Occidental Petroleum (NYSE:OXY) boasts a long history of annual dividend increases, even during tough times.
However, times are so tough right now that it's possible that the company ends its streak of more than a decade of annual dividend increases. In fact, there's a case to be made that the company might need to reduce its dividend because the current oil price is well below the company's cash flow breakeven point. Here's a closer look at both the bull and the bear case for Occidental Petroleum's dividend in 2016.
The bear case
The case against Occidental Petroleum's raising its dividend, and potentially reducing it, is very simple. The current oil price of roughly $30 per barrel is 50% below the company's current cash flow breakeven point:
That means the company is using its balance sheet to fund a significant portion of its capex and dividend outlays, which is unsustainable over the long term.
It's far from the only company that's using its balance sheet to support its operations during the downturn. However, it's a practice that has credit rating agency Moody's concerned, which is why it put 29 U.S. oil companies on review for a potential credit rating downgrade, including Occidental Petroleum and ConocoPhillips (NYSE:COP). I bring ConocoPhillips up because it shares a lot of similarities with Occidental, including the fact that both share an "A2" credit rating and because these companies need oil in the $50 to $60 range to be cash flow breakeven. Given that neither wants to see its credit or balance sheet deteriorate, it's possible that both might have to bite the bullet and reduce dividend payouts to prevent a steep credit rating downgrade. ConocoPhillips has said protecting its dividend is its top priority, but if it did cut its payout, then Occidental Petroleum would have no reason not to follow suit.
The bull case
Still, Occidental Petroleum ended 2015 with $4.4 billion in cash on its balance sheet, which is more than a year's worth of capex spending at its current run rate. In addition, the company continues to close non-core asset sales and could divest additional assets, since it plans to minimize its involvement in the Middle East and North Africa. In fact, according to a Reuters report, the company has already sought permission to sell its 29.69% stake in the Zubair oil field in Iraq and is interested in selling additional non-core assets in the Middle East. These asset sales could enable the company to maintain its dividend without hurting its balance sheet. In fact, asset sales are the primary bridge ConocoPhillips is using to fund its own cash flow gap, with it currently working to close $2.3 billion in divestitures.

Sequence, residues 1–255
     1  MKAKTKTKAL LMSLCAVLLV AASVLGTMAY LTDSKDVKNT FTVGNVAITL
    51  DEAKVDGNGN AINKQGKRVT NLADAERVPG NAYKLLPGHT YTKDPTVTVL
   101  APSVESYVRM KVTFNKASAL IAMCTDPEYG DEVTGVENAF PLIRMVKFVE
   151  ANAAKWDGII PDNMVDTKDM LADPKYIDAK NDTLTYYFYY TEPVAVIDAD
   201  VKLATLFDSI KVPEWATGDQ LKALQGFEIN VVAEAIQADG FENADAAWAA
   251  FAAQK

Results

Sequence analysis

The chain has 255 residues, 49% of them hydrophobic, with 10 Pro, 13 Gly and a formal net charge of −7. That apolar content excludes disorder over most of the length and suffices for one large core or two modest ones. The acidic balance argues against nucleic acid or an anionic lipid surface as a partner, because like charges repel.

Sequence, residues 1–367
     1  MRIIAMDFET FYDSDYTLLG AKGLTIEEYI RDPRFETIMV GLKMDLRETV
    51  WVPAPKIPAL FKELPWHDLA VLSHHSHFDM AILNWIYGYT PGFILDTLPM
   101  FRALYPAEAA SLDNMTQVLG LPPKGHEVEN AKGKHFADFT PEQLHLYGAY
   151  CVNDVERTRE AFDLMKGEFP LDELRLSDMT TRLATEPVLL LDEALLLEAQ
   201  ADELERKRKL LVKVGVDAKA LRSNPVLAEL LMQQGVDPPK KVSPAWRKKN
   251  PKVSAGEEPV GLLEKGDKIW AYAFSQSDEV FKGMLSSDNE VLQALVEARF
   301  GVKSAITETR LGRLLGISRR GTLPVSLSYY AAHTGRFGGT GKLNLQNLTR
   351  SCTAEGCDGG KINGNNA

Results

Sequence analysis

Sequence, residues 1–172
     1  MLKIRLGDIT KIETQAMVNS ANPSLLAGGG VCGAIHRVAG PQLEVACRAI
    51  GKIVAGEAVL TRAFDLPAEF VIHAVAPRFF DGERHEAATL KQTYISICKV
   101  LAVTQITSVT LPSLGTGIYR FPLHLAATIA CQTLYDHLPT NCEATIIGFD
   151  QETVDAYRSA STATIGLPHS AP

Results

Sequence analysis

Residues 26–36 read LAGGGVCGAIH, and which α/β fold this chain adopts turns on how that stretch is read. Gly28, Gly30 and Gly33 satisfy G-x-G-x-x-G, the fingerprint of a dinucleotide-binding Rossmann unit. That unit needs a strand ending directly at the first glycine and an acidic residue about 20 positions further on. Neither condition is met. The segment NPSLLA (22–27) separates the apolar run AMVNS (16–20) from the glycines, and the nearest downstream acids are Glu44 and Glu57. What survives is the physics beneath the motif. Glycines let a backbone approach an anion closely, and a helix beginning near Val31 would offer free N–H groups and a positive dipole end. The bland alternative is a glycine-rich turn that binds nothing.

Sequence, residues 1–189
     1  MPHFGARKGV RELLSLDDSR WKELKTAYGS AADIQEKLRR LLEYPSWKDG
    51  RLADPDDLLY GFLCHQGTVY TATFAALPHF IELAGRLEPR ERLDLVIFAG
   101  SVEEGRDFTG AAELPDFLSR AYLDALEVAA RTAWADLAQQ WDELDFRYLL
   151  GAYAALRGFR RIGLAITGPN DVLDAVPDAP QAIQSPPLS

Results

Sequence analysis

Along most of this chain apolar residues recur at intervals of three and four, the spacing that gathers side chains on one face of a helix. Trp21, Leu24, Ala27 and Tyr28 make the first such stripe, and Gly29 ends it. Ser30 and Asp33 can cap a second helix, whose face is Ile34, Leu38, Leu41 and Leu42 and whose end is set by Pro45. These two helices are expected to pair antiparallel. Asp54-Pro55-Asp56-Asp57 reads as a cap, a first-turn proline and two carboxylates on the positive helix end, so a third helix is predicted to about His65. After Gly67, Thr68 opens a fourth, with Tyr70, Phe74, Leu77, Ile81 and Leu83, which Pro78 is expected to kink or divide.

On top of asset sales, Occidental Petroleum was recently awarded $980 million to settle a lawsuit after Ecuador seized the company's Block 15 oil field in 2006. It has already received $200 million of that settlement, with the rest to be paid out over the next few months.
With the cash already on its balance sheet, plus the cash inflows yet to come from asset sales and the settlement, it certainly provides the company with a nice cash cushion to at least maintain its dividend. However, the company's own history suggests that it will grow its dividend even when times are tough, which is evidenced by the $0.03-per-share increase last year, as well as the $0.01-per-share boost during the financial crisis. Those increases, while minor compared with prior years, shows that the company values its dividend. In a lot of ways, it's following in the footsteps of ConocoPhillips, which boosted its dividend by $0.01 per share last year to send its shareholders a message that the dividend was its top priority. Given Occidental's history, it would seem that it, likewise, puts a priority on its dividend, suggesting that an increase of at least $0.01 per share is possible in 2016.
With a boatload of cash on its balance sheet and the more cash coming in the door, it's unlikely that Occidental Petroleum will reduce its dividend anytime soon. Instead, it's far more likely to increase it ever so slightly in 2016 just to show its support for the payout. But the company really needs to see the oil price rebound into the $50 to $60 range for the payout to be sustainable over the long term.